From the Spectator 22 June 2015On the radio this morning, a campaigner from the Child Poverty Action Group had an ‘emperor’s new clothes’ moment. Why not, she said, treat the young like the old. If the Tories insisted on having a ‘triple lock’ on pension benefits for the elderly, which guaranteed that the state pension must increase every year by whatever target was the highest – inflation, average earnings or a minimum of 2.5 per cent – why not put a triple lock on the benefits of poor families. The state would then treat the young like the old, and subsidise the future as it subsidises the past. Read the rest of this entry »
The pretence that sportsmen and women are “role models” is impossible to maintain. It’s not just that no parent tells their teenage children to model their sex lives on premier league footballers or holds up Lewis Hamilton’s flight to a tax haven as a model of good citizenship. To be a member of the sporting “elite” is to live in a state of perpetual childhood without enjoying or even wanting the rights and responsibilities of a grown-up. Read the rest of this entry »
Islamist murderers in Europe follow a pattern. To paraphrase Pastor Niemöller, first they come for the free thinkers, then they come for the Jews. In Paris in January, Cherif and Said Kouachi slaughtered 11 cartoonists and editors at the offices of Charlie Hebdo because they had satirised Muhammad. Two days later, a fellow gang member murdered four Jews at the Hypercacher kosher supermarket a few miles away for no other reason than they were Jewish.
In February, Omar Abdel el-Hussein attacked a conference in Copenhagen discussing whether Islamism was the fascism of the 21st century. His target appeared to be Lars Vilks, who had drawn disobliging cartoons of Muhammad. But it could have been any one of the artists or writers present. El-Hussein couldn’t get past security so he shot and killed a film director and wounded three police officers who stood in his way before running off to murder a volunteer guarding Copenhagen’s Great Synagogue. Once again, his victim died for no other reason than he was Jewish.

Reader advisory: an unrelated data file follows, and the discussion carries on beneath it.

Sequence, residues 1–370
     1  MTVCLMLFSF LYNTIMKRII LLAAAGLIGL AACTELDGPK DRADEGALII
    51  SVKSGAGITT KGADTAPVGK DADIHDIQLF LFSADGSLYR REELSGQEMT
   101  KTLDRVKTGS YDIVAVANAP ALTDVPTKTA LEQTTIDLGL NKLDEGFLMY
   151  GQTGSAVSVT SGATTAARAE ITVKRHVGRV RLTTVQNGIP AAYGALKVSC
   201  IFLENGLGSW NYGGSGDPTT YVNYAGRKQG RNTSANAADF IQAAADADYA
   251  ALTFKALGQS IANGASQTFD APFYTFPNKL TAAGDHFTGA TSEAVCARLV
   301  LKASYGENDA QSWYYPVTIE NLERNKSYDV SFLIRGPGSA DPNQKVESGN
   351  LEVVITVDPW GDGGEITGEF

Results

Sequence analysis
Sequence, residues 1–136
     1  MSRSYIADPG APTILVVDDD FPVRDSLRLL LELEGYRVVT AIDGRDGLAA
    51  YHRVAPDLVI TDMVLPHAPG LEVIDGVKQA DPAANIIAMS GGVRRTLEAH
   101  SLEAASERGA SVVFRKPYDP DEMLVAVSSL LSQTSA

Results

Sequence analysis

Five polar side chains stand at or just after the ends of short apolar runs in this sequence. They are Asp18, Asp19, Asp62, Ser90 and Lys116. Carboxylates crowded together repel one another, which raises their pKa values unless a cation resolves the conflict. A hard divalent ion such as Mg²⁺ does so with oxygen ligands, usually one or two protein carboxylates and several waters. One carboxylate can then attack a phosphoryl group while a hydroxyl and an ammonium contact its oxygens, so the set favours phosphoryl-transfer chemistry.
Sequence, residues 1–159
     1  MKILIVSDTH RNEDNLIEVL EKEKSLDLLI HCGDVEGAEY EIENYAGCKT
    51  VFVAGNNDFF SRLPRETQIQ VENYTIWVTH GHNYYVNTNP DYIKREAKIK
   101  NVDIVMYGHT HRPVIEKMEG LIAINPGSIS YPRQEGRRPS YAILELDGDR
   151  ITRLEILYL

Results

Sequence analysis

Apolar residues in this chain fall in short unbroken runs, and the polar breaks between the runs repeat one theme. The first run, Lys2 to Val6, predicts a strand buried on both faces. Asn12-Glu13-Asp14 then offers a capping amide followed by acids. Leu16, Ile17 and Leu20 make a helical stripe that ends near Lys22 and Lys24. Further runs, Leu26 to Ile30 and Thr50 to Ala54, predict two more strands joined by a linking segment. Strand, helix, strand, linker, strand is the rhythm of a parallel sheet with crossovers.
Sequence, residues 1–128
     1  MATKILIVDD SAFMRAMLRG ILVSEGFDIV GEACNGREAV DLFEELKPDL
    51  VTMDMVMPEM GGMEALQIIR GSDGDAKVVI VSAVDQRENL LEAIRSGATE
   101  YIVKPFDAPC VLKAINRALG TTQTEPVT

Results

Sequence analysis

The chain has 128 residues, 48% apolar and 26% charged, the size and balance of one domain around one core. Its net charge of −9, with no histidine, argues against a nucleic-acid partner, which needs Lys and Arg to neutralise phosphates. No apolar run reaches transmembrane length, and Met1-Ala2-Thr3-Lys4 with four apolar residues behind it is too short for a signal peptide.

Nothing seems clearer to me than the belief that you must support free thought and fight racist murderers. But in the world we are moving into, governments won’t let you do both. Read the rest of this entry »
It is impossible for anyone involved in politics to write without lying. The act of joining a party and committing to collective discipline compels loyalists to “take one for the team” when required. They do not want to give aid to their enemies or cause distress to their friends, so they avoid the questions that anyone else would ask automatically.
Labour leader Ed Miliband unveils Labour’s pledges carved into a stone plinth in Hastings during General Election campaigning.
I first saw Ed Miliband at the launch of a new book by Will Hutton. It was the autumn of 2010, and he had just become Labour’s leader. The party was full of leftish writers, who might be expected to help and support Miliband. But he didn’t want to charm them, or work the room and meet and greet. He just stood there awkward and alone. “Whatever his other qualities,” I thought, “this man isn’t a politician.” Read the rest of this entry »
It is not only Russian oligarchs and multinational corporations who run to the ‘capitalist courts’ — as we used to call them on the left. Have an argument with Len McCluskey and you find that the leader of Unite is prepared to spend his money, or more likely his members’ hard-earned dues, on hiring the libel lawyers of Carter-Ruck at £550 an hour (plus expenses, of course).
Carter-Ruck can charge a little more than the minimum wage because its many wealthy clients know that its lawyers will push as hard as they possibly can to defend clients’ interests, as our spat with McCluskey showed.